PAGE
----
This blog starting out being about the books I wrote for ExpressionEngine. Now, the posts are more likely to be focused on my career in the world of Business Intelligence. My plan is not to get too technical, as there are hundreds of people with far more technical knowledge than me. Rather, I plan to talk more 'big picture' about Business Intelligence (especially self-service BI), work-life balance and other digestible topics. Enjoy!
I was recently honoured with a top 10 placement in Microsoft's Best Power BI Report contest.
The problems are mounting and the recriminations start flying: "If only I'd known" or "I didn't know". It all gets chalked up to communication issues but the truth is, no-one really knows what they would have done differently because no-one did anything wrong. Enter Yammer.
Two rules of presenting that I've learnt the hard way: by ignoring them.
Microsoft lives up to their promise of Dashboarding Made Simple with their latest Power BI preview.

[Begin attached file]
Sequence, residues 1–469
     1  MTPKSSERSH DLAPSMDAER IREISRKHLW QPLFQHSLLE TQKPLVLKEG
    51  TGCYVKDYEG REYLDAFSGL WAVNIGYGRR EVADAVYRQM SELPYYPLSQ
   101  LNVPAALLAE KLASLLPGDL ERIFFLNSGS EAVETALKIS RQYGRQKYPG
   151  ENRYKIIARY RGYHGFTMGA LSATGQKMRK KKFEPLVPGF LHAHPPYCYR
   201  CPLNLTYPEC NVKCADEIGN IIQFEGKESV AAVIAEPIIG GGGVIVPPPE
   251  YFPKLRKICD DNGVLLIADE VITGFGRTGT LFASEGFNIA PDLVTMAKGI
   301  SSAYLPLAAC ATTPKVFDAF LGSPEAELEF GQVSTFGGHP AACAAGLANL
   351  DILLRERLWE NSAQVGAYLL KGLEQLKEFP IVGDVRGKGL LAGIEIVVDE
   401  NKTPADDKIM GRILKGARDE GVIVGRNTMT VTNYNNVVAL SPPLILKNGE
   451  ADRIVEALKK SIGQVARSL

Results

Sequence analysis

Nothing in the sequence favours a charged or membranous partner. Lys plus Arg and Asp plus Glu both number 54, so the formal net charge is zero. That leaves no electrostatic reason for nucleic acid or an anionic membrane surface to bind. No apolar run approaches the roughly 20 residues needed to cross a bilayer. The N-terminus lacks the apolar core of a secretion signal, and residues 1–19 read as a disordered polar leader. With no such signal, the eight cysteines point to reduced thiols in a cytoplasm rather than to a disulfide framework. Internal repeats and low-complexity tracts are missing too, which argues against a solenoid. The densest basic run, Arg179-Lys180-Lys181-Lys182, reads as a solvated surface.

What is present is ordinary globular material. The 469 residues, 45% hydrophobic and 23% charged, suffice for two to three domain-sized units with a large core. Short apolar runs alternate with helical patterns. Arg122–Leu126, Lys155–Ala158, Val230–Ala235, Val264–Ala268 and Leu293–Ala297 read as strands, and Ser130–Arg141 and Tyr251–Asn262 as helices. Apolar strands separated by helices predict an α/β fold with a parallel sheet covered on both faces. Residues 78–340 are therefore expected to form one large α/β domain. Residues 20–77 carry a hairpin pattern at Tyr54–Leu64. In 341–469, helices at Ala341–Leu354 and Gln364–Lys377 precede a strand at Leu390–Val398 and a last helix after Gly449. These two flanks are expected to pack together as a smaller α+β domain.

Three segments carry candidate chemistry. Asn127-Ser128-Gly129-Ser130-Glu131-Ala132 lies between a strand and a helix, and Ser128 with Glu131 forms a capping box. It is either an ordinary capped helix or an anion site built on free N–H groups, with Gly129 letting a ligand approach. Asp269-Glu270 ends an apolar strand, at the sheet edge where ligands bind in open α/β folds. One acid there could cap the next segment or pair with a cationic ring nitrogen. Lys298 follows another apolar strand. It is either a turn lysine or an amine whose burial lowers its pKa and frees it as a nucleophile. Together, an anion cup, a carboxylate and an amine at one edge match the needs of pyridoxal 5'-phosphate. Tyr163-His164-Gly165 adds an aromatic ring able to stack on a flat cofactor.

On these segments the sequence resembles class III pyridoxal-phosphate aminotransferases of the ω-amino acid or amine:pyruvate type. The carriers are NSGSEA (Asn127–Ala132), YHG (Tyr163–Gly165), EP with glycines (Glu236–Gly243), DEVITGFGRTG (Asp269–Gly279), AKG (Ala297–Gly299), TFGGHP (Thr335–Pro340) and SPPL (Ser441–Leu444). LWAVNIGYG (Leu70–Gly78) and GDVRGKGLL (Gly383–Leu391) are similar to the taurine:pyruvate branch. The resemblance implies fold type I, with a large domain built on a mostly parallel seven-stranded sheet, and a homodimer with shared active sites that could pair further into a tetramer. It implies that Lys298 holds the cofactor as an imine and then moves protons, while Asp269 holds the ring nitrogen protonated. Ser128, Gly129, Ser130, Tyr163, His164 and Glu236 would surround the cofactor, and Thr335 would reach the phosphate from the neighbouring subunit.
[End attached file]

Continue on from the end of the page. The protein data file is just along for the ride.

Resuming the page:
Is your dashboard a vanity dashboard? How can you tell?
Never type in a demo.
Ever since I started doing technical presentations, I've heard that advice. After all, typing is error-prone. If your demo fails because you missed a semi-colon or spelled a word incorrectly, it can be very stressful. Especially with dozens of eyes watching you as you sit there, flustered, trying to figure out what is wrong.
One version of the truth is a pipe dream, but a data warehouse does help.
Why support remote workers?
As often seems to be the case with data, the question I ended up answered was not the question I started out with.
I've said this before and I'll say this again: Actionability is key.